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Englewood, Chatham, Auburn Gresham

Amid Bitter Feud, Long-Planned Englewood Brewery Grinds To A Halt

In one corner, a brewery promising to bring economic development to Englewood. In the other, a nonprofit organization out of patience.

Englewood Brews, a restaurant and brewery set to open this year, is at the center of a battle between the owners and a local nonprofit.
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ENGLEWOOD — Englewood Brews, once a promising enterprise planned for a beleaguered Southwest Side neighborhood, may be dead in the water as owners, a local development corporation and the area’s alderman clash over the project.

Englewood Brews was to be the first taproom and brewery in a predominantly Black neighborhood. It has been a four-year-long labor of love for owner Lesley Roth and her partner, Steve Marchese. The pair raised tens of thousands of dollars and started construction on the project last year in a vacant storefront at 821 W. 63rd St.

Then the work stopped.

Roth blamed the Greater Englewood Community Development Corporation, which held the lease on the building, but officials for the organization denied shutting down any work. Leaders did confirm the group canceled Englewood Brews lease in spring of this year after months of legal wrangling, though they provided few details.

That touched off a months-long feud that has ensnared Ald. Jeanette Taylor (20th), with Englewood Brews owners publicly accusing local leaders of sabotaging the project.

“Our brewery is about celebrating what’s great about each other. GECDC doesn’t want that,” Roth wrote in an Instagram post in May. “They are opportunists who want to take away the community’s rights of self-determination. They would rather dictate to Englewood about what businesses are good for the neighborhood and what’s good for community members.”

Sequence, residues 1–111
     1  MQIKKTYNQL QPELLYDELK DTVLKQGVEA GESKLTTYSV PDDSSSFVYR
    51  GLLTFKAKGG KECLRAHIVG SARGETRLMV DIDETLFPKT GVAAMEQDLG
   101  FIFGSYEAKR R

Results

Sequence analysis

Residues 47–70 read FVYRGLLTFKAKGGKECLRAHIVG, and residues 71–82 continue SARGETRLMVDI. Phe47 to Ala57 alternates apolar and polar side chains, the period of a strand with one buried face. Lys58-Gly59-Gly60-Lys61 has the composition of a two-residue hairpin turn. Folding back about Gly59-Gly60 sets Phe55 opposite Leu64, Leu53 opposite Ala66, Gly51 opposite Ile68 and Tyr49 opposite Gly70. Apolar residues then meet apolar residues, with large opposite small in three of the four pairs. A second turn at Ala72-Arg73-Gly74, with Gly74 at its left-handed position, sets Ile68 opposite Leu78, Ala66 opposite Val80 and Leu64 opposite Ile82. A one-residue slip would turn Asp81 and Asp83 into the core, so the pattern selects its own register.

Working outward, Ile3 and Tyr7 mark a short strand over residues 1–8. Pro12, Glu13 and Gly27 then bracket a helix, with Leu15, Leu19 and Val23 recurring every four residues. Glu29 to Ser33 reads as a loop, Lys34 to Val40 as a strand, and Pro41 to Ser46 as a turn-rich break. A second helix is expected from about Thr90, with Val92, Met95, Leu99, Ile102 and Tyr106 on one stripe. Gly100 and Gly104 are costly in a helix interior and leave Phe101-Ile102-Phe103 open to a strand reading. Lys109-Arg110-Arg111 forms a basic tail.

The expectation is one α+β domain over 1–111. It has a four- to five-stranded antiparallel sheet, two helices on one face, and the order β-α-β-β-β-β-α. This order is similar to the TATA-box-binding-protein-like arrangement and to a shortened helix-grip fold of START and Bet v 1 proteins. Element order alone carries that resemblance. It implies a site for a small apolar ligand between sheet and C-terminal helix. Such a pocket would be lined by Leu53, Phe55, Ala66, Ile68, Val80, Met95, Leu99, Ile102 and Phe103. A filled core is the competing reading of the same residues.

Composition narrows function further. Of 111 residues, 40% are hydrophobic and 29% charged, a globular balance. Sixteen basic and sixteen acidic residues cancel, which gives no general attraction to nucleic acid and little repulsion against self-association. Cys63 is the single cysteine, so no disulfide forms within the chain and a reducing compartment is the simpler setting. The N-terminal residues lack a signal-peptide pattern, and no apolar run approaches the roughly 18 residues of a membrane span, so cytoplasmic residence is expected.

But Derrick Warren, executive director of the Greater Englewood Community Development Corporation, said the group long supported the project despite numerous roadblocks and a “lack of respect” from Roth and Marchese.

“We have worked extremely hard to expand the positive reputation of the GECDC. With this in mind, it is disappointing that Englewood Brews is attempting to defame our organization by their misrepresentation of events as it pertains to the termination of their sublease,” Warren said in a statement to Block Club.

“Throughout our entire business relationship with Englewood Brews, the GECDC has acted properly, both legally and ethically, with the best interest of the Englewood community in mind.”

Work At A Standstill

The purpose of the community-minded Englewood Brews venture was twofold: to give Englewood’s economy a much-needed shot in the arm while broadening access to an industry that has traditionally shut out Black and indigenous people of color.

Roth and Marchese launched an IndieGoGo campaign in December to raise $50,000 in hopes of completing the buildout of their space. The campaign has netted nearly $36,000 so far.

Construction started that month but was abruptly halted.

Roth claims their contractor found asbestos, which she said isn’t uncommon. She said they notified the development corporation and U.S. Bank, which owns the building.